Counsellors evacuated from Fort McMurray offer free services for their community
Mental health services will also be important as evacuees return home, counsellor says
A group of Fort McMurray counsellors are dealing with the trauma of being evacuated from their town by helping other members of their community heal.
Since Monday, Borealis Counselling Services from Fort McMurray began offering free one-on-one sessions to any Fort McMurray evacuee struggling to cope.
"We know how important that is, to be able to help people when there's traumatic events occurring," said executive director Cathy Underhill.
Borealis has existed in Fort McMurray for 28 years, serving mostly as a non-profit employee assistance program. Last year, the group began offering services to the general public due to the high demand stemming from the economic downturn.
Because of what we do, we want to be able to help people who are struggling as well.- Cathy Underhill, Borealis Counselling Services
Underhill fled Fort McMurray with a fellow counsellor two weeks ago, along with around 90,000 other people.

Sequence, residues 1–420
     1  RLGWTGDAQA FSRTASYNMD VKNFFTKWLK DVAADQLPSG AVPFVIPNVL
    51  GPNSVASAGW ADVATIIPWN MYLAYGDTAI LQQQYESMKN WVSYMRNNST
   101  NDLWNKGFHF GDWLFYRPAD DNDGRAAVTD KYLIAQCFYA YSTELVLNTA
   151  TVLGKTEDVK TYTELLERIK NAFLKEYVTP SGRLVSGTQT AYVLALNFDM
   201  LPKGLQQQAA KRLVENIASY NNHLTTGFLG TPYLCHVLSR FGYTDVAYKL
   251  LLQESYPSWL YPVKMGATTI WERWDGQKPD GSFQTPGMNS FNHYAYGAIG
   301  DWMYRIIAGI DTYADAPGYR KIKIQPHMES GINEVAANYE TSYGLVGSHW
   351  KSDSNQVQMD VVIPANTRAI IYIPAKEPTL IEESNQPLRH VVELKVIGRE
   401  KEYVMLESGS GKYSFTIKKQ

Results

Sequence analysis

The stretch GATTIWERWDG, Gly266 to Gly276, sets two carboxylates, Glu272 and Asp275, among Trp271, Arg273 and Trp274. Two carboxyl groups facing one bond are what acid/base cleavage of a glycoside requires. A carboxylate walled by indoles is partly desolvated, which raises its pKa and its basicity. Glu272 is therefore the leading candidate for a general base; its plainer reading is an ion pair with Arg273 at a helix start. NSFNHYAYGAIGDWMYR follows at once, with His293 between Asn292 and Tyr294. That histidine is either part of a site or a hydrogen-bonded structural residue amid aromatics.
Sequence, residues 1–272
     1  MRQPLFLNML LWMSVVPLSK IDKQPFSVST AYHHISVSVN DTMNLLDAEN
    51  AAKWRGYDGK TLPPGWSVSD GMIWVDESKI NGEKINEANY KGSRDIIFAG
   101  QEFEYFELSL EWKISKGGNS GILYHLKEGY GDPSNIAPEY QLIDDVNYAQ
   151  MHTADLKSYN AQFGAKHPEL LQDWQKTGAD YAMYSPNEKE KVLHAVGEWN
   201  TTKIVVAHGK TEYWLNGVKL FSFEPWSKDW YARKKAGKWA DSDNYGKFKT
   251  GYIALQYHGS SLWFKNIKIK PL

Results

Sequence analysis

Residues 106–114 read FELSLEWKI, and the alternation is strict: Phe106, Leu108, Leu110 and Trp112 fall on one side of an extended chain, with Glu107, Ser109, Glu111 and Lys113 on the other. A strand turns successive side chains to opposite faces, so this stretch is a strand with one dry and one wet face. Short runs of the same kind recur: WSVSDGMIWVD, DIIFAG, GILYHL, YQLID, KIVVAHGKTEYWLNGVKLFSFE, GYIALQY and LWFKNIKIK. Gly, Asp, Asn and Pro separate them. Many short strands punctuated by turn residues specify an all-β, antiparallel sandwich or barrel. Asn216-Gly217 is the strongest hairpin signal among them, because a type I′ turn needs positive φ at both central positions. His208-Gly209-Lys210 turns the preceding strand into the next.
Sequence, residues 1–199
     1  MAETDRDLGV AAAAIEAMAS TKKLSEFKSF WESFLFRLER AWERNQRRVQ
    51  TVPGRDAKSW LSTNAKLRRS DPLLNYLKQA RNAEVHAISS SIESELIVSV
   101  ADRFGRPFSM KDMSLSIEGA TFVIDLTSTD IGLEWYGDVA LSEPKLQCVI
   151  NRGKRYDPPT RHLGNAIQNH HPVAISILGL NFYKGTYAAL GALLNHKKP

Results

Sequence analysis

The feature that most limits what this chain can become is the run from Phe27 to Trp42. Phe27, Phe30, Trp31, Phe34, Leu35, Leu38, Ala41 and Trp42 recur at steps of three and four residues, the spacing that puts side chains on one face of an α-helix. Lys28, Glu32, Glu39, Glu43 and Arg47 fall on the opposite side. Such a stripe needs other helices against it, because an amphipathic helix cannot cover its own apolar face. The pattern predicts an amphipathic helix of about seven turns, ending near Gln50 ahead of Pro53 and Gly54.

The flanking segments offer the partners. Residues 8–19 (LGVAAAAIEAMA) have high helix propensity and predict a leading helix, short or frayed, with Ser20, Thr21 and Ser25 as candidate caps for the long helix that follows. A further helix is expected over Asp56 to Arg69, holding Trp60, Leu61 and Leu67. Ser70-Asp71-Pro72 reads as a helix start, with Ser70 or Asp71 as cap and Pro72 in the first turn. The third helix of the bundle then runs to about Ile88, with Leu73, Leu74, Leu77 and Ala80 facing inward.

Initially, she thought they would only be gone for a few days. When her group realized it would take longer to get home, they turned their focus towards helping others.
Return to Fort McMurray will be traumatic
"Obviously we're dealing with our own emotions," Underhill said. "Because of what we do, we want to be able to help people who are struggling as well."
River's Edge Counselling in St. Albert set Borealis up with free temporary office space, and the group is also available 24 hours a day over the phone.
They only started on Monday, but calls have already started to come in. Underhill said people are anxious, and evacuees are understandably emotional.
She said her group is looking for donations so they can continue to offer free services to the community.
"We understand the importance of people being able to talk about their experiences within a short time of the incident occurring," she said.
Underhill said she hopes her counsellors will be among the first allowed to return to Fort McMurray, so they can offer mental health services to evacuees as they arrive back in the city.
"Going back is going to be devastating," she said. "People are going to actually see the devastation first hand."